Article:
22 August 2006
Light Distribution on Task Plane (Uniformity): Avoid uneven lighting such
that some desks are significantly brighter than other desks. This occurs
with either direct sunlight falling onto desks, or with recessed direct
parabolics. Indirectly lighting the classroom with no more than 50% direct
light provides the most uniform lighting.
Horizontal and vertical illuminance: Horizontal illuminance is important for
the student's desks. Vertical illuminance is important to view instructors,
students, and the white boards.
Target Horizontal Illuminance ( 10%): 500 lux (50 fc)
Multiple studies done show improved test scores (over 20%) with students who are in
classrooms with daylight. Orient classrooms so that daylight can enter the classroom,
preferably from two directions, without direct glare.
The electric lighting should light the ceiling in order to reduce direct and reflected glare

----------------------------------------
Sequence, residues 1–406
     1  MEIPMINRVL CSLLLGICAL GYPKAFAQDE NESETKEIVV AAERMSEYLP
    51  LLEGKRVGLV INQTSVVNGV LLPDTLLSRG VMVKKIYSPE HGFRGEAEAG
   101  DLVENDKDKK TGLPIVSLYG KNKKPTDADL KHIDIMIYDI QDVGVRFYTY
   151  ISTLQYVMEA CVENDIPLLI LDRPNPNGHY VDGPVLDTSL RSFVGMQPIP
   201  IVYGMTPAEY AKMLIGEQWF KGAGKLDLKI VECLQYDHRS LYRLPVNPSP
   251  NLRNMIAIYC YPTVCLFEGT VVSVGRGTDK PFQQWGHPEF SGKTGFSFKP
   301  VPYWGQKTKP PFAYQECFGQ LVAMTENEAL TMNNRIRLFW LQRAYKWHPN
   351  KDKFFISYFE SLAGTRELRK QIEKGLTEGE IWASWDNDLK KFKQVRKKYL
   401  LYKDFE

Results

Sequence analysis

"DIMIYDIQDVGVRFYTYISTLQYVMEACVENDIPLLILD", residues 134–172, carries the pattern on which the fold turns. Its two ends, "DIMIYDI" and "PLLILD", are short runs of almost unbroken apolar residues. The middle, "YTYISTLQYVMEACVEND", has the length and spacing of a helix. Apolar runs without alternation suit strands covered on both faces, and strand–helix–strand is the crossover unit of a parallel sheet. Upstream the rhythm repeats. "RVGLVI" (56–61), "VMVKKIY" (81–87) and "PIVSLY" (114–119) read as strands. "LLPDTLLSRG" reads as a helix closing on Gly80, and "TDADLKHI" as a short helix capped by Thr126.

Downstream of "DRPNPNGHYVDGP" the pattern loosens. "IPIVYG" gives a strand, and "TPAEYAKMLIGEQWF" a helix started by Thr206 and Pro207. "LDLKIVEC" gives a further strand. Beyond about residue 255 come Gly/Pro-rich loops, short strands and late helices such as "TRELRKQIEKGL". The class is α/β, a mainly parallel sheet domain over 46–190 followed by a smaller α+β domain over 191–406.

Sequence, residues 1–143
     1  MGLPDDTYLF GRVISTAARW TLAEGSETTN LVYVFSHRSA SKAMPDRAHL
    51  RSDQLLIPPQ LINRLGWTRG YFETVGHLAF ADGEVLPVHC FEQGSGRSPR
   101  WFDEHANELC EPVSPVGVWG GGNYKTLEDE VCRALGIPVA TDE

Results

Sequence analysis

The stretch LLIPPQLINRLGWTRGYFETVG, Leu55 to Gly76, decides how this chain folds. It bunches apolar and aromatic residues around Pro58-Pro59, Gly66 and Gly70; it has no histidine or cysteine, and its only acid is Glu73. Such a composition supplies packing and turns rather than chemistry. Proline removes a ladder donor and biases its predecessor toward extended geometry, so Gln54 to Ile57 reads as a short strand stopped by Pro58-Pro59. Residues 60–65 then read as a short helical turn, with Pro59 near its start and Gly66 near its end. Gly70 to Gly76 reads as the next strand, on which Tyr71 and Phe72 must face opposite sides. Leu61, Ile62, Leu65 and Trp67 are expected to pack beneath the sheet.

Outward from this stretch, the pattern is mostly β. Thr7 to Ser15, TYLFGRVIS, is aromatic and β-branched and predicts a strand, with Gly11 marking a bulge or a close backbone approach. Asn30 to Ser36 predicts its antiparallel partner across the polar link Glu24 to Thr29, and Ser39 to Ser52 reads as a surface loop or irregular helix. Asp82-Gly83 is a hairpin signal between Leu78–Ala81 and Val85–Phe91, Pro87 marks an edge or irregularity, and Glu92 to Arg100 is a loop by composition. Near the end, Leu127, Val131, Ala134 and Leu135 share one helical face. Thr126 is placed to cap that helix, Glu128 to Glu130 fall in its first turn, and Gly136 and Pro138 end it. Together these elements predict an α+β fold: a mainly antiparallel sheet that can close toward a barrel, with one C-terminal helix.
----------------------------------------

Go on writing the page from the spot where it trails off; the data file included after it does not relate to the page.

potential. Yet, some direct light component is important to balance out the luminances
within the classroom. The use of a white board light has been shown to improve
student retention by highlighting written information.
Controls in the classroom are also important, especially with the increase in computer
projection. Giving the teacher the ability to dim the lighting provides enough light for
note taking, yet minimizes the direct glare on the screen. Consider occupancy sensors
for infrequently used classrooms.
RULES OF THUMB:
Pendant spacing: When beginning a design, start with 3.0 3.7 m (10 12
ft) spacing for T8 fixtures and modify accordingly to meet critical design
Pendant length: Pendant lengths range from 0.5 0.9 m (18 in 3 ft).
High performance luminaires may achieve a minimum of 0.3 m (12 in)
pendant lengths. Specialty luminaires for low ceiling applications may be
mounted even closer to the ceiling.
Lighting Power Density: The lighting power density for open office areas
can range from 1.2 1.5 watts /sq ft for ambient connected load.